Symptoms of cyanide poisoning include elevated heart rate, restlessness, panting, confusion, loss of consciousness, and in severe cases, death.
Keep in mind that your four-legged pal doesn’t have to completely swallow the pit in a pear. As long as a considerable amount of cyanide is ingested, with enough toxin within a half-chewed pit, there might be trouble.
Stooling And Vomiting
Fiber, originally meant to assist digestion and speed up bowel movement, overdoes the job and induces excessive stooling when your furry pal eats pears without discretion.
The uncontrolled toilet visits or persistent vomiting cause dehydration and drain nutrients in dogs, weakening their immune systems and making them incredibly vulnerable to attacks.
Ideally, pears aren’t supposed to cause obesity in your beloved four-legged buddy because they contain low sugar, but when obesity-prone dogs eat too many pears, they may gain massive weight in a short period.
How To Safely Feed Pears To Dogs?
Ensuring the safety of your dear Fido while feeding pears only requires you to follow some general precautions mentioned below:
Feed Ripe Pears Only
An unripe pear is hard and difficult to chew and would create a choking hazard, especially for smaller dogs. When you present unripe pears to your pooches, you force them to strain while chewing the hard pears, and sometimes they may swallow the pear and experience a choking hazard.
Furthermore, even though your furry buddy manages to chew and swallow an unripe pear successfully, abdominal pain and indigestion would follow since its digestive tract can’t accommodate edibles of that texture.
On the other hand, a ripe pear doesn’t cause feeding problems because it’s soft and easy on your doggie’s mouth and stomach.
Wash The Fruit
The act of washing fruits removes bacteria and other dangerous pathogens that are wont to exist on fruits’ surfaces. Washing also encourages observation which helps in the detection of possible defects that the pear fruit might have.
Slice Pears Into Smaller Pieces
You’ve heard that slicing up pears makes for easy chewing and digestion in dogs, but it also helps to ascertain the quality of the fruit.
For instance, since pears ripen from within, it’s difficult to ascertain whether or not the fruit is in good condition because pears might rot on the inside yet look good from without.
Also, insects and worms that bore into fruits could be present in a whole pear and could deliver painful stings and toxins to your doggie.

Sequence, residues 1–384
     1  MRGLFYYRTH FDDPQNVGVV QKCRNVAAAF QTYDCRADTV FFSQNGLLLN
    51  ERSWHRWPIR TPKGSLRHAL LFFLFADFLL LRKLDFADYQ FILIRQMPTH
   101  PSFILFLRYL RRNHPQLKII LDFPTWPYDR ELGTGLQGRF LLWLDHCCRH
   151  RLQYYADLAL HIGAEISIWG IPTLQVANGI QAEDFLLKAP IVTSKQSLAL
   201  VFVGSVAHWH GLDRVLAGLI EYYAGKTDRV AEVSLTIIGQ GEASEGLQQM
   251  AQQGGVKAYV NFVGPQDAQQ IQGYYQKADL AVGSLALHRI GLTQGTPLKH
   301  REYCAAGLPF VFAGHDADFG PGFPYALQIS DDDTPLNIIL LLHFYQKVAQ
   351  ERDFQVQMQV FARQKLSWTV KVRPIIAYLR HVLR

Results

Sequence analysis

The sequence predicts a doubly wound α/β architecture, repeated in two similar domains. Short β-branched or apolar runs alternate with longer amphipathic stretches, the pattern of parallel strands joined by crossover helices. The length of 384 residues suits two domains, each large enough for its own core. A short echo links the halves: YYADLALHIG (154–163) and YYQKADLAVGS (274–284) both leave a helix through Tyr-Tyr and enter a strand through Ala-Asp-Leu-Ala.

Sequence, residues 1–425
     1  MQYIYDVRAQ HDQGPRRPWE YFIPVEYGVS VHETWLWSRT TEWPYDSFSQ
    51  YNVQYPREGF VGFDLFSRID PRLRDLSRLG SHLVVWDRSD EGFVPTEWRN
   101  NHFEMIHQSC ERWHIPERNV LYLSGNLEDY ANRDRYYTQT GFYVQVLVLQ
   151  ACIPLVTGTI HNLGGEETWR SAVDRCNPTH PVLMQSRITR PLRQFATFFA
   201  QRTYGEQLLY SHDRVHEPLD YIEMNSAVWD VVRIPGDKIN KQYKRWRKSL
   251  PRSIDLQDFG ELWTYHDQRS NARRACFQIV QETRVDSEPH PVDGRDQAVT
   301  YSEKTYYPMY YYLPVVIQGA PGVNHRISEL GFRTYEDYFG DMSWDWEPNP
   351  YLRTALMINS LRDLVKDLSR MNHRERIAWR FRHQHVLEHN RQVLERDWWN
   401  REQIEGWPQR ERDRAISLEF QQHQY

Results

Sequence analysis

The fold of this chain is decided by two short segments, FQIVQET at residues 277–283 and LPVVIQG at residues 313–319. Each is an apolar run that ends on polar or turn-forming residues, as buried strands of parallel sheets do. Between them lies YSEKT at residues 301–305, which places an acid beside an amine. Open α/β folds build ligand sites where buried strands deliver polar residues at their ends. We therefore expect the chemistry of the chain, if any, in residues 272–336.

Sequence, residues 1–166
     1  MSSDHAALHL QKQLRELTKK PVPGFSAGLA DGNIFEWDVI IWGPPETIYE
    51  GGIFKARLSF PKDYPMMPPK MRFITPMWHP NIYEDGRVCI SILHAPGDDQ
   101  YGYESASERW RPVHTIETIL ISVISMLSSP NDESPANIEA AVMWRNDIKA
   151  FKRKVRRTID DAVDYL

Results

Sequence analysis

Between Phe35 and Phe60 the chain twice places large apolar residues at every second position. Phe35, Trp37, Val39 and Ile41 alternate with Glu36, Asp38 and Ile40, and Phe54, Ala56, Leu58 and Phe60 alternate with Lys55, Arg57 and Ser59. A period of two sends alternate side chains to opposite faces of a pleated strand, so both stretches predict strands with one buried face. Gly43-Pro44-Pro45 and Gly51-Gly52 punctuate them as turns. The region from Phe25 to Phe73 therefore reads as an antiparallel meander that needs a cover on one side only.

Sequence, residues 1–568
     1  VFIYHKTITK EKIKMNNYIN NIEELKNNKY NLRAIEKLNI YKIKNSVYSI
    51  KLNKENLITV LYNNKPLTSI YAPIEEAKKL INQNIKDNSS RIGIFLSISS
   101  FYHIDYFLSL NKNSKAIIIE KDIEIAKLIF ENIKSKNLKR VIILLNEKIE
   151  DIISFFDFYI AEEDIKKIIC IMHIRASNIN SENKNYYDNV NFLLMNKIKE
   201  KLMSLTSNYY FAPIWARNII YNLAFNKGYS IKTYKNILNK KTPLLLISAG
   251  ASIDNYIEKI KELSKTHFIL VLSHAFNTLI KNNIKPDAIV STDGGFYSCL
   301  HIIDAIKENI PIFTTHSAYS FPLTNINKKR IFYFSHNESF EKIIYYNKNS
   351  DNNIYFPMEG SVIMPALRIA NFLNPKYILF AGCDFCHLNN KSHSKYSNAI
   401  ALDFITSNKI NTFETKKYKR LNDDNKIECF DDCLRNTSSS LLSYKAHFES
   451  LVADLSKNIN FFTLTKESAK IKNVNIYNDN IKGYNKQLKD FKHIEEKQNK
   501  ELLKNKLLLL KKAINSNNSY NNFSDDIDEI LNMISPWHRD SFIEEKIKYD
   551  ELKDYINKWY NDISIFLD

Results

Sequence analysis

In a nutshell, endeavor never to allow dogs to chew on whole pears. The consequences are usually disastrous.
Feed Pears In Moderation
Generally, treats like pears should only constitute 10% of dogs’ diet. Exceeding that only invites myriads of illnesses that could otherwise be avoided.
Can Dogs Eat Unpeeled Pears?
Yes, dogs can eat unpeeled pears. In fact, unpeeled pear contains a unique substance called quercetin that medical experts have touted as instrumental in reducing heart diseases and cholesterol. Quercetin also prevents stroke occurrence and confers your furry friend with a robust immune system.
Unpeeled pear is also an additional source of edible fiber. So, if you’re worried about the repercussions of your dog eating the soft, pear flesh, especially if you have a diabetic dog on your hands, you could introduce pear peels instead.
Summarily, folks who peel off pear peels before feeding are doing their dogs a great injustice.
Can Dogs Eat Canned Pears?
Canned pears are processed and stored with fructose sweet enough to stun your dog’s digestive system and send it to the potty spot countless times. Even worse is the problem with obesity risks that’s sure to come should you indulge your doggie with sugar-laden pears.
Are Asian Pears Safe For Dogs?
While Asian pears may taste sour or sweet depending on the variety, they essentially contain the same class of nutrients as European nutrients and are safe for dogs to consume.
Although Asian pears may look slightly different from the everyday pears we know, they are incredibly beneficial to dogs.
What About Salted Pears?
Salted pears are a no-no for dogs because of the possibility of salt toxicity. Some folks like to eat fruits with a sprinkling of salt, which is understandable because of the tasty tang salt delivers.
However, the sodium content in salted fruits could poison dogs, causing seizures, coma, and other life-threatening effects.